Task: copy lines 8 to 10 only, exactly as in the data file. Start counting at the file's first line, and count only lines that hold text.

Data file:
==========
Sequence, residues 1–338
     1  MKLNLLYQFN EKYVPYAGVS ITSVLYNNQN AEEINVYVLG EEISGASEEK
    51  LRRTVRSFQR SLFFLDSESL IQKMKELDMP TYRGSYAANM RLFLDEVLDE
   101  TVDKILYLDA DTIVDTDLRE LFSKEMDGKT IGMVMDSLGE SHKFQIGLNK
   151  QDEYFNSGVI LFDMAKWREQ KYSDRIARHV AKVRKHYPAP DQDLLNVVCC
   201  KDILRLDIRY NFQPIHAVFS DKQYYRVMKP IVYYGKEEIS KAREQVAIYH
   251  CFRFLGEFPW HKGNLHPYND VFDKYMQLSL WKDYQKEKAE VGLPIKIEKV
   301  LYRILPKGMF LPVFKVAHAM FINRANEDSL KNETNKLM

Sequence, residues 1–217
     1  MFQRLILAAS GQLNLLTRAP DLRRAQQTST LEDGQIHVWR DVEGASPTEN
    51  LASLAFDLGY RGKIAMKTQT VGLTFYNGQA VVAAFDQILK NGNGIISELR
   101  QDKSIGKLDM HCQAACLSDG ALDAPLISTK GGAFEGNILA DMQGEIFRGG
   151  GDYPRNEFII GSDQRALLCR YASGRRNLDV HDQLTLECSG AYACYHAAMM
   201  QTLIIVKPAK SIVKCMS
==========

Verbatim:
   301  LYRILPKGMF LPVFKVAHAM FINRANEDSL KNETNKLM

Sequence, residues 1–217
     1  MFQRLILAAS GQLNLLTRAP DLRRAQQTST LEDGQIHVWR DVEGASPTEN